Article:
Now that I am retired having been many years a magistrate with a long awareness of the declining freedoms enjoyed by the ordinary citizen and a corresponding fear of the big brother state`s ever increasing encroachment on civil liberties I hope that my personal observations within these general parameters will be of interest to those with an open mind. Having been blogging with this title for many years against the rules of the Ministry of Justice my new found freedom should allow me to be less inhibited in these observations.

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Tuesday, 23 August 2016


This blog along with many more authoritative sources has long been sceptical of so called crime statistics.  The use of tick box mentality of recording has long been questioned.  To the despair of many that methodology is so widespread it is endemic among both government and non governmental organisations; the Sentencing Guidelines produced for magistrates and judges  are a perfect example. This "bible" of sentencing attempts to categorise sentences by a combination of harm to the supposed victim and culpability of offender.  And now a "crime harm index" is to be deployed by police to classify the significance of different offences taking into account the number of offenders jailed for the crime including violence, knife and gun crime and the average sentences imposed.  Considering that about 95% of all crime that comes to a court begins and ends in magistrates` courts  with six months custody maximum it is likely that effects of inevitable prioritisation by police will be based on crown court statistics of the remaining 5%. An additional (overlooked?) factor seems to be the designation and weight to be given to suspended sentences where the decision to suspend custody is based primarily on an assessment of the offender as opposed to the effects of the crime itself.  An additional flaw IMHO is that people, I dislike the term so commonly used and abused, victims,   invariably do not have similar or common reactions to the crime inflicted upon them. There are those who can put the experience, however traumatic, behind them and those who wallow in their own misfortune over the most minor transgression to their property, person or psyche.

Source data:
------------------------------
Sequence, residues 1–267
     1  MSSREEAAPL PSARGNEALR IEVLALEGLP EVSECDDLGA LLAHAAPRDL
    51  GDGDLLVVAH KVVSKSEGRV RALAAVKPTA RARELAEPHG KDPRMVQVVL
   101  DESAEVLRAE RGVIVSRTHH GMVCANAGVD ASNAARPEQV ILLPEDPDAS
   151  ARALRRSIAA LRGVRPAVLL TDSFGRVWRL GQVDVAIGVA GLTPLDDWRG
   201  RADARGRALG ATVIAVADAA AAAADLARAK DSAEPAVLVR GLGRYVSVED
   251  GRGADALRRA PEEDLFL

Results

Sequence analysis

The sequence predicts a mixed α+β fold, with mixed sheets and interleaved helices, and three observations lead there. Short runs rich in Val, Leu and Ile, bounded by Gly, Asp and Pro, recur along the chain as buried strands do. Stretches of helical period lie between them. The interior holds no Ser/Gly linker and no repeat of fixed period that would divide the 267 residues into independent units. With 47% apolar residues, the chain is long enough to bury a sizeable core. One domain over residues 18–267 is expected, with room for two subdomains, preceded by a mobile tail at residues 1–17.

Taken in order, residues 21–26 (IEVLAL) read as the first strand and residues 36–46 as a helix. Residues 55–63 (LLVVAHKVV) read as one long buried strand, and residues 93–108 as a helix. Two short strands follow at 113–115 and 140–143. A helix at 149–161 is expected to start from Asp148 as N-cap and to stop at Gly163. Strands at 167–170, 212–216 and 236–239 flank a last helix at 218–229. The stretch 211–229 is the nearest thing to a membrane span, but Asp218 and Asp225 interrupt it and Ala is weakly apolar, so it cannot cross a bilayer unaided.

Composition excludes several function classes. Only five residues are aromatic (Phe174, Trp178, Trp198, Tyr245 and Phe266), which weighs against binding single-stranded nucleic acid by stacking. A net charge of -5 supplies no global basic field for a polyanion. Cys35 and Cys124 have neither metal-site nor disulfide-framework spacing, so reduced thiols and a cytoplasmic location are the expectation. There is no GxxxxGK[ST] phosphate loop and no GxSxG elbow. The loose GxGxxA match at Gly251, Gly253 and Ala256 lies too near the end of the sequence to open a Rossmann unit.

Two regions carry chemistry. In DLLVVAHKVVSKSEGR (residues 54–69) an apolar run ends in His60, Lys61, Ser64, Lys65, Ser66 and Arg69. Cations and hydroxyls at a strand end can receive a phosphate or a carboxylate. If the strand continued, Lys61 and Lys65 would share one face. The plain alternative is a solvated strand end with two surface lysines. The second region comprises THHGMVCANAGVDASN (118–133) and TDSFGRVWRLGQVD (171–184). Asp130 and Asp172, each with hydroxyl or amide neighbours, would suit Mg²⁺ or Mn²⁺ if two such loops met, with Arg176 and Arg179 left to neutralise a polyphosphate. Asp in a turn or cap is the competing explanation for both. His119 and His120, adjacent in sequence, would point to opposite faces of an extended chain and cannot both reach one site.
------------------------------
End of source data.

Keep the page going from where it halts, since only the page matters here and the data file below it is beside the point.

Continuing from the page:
It is almost certain that police will use this new indexation to target their diminishing resources and will inevitably issue so called statistical evidence to justify their so called efficiency.  Such activity distorts that which is itself being measured whether it`s GCSE and A Level results or an indication of a hospital`s ability to deal with its workload.  This blogger will need some convincing that this harm index is less than harmful to public accountability of police. 

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